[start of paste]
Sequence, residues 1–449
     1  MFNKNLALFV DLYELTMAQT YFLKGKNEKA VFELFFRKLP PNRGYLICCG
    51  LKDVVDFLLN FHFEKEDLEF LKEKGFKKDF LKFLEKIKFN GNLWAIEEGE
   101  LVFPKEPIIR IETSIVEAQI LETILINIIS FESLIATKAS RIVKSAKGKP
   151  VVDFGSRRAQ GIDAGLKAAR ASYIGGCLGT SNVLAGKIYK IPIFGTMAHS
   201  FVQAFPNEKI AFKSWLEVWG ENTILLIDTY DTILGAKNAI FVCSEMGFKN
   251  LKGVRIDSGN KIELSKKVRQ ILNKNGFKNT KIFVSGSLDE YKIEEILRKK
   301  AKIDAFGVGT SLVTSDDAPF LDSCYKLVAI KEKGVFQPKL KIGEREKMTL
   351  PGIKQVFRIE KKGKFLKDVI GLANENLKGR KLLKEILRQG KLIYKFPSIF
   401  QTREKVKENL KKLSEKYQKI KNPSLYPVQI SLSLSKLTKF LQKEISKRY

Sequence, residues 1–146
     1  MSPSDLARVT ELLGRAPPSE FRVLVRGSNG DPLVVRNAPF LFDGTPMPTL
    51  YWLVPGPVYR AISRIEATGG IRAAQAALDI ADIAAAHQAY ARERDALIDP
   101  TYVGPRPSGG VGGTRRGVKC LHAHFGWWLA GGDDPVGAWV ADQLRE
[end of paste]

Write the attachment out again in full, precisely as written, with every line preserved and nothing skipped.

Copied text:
Sequence, residues 1–449
     1  MFNKNLALFV DLYELTMAQT YFLKGKNEKA VFELFFRKLP PNRGYLICCG
    51  LKDVVDFLLN FHFEKEDLEF LKEKGFKKDF LKFLEKIKFN GNLWAIEEGE
   101  LVFPKEPIIR IETSIVEAQI LETILINIIS FESLIATKAS RIVKSAKGKP
   151  VVDFGSRRAQ GIDAGLKAAR ASYIGGCLGT SNVLAGKIYK IPIFGTMAHS
   201  FVQAFPNEKI AFKSWLEVWG ENTILLIDTY DTILGAKNAI FVCSEMGFKN
   251  LKGVRIDSGN KIELSKKVRQ ILNKNGFKNT KIFVSGSLDE YKIEEILRKK
   301  AKIDAFGVGT SLVTSDDAPF LDSCYKLVAI KEKGVFQPKL KIGEREKMTL
   351  PGIKQVFRIE KKGKFLKDVI GLANENLKGR KLLKEILRQG KLIYKFPSIF
   401  QTREKVKENL KKLSEKYQKI KNPSLYPVQI SLSLSKLTKF LQKEISKRY

Sequence, residues 1–146
     1  MSPSDLARVT ELLGRAPPSE FRVLVRGSNG DPLVVRNAPF LFDGTPMPTL
    51  YWLVPGPVYR AISRIEATGG IRAAQAALDI ADIAAAHQAY ARERDALIDP
   101  TYVGPRPSGG VGGTRRGVKC LHAHFGWWLA GGDDPVGAWV ADQLRE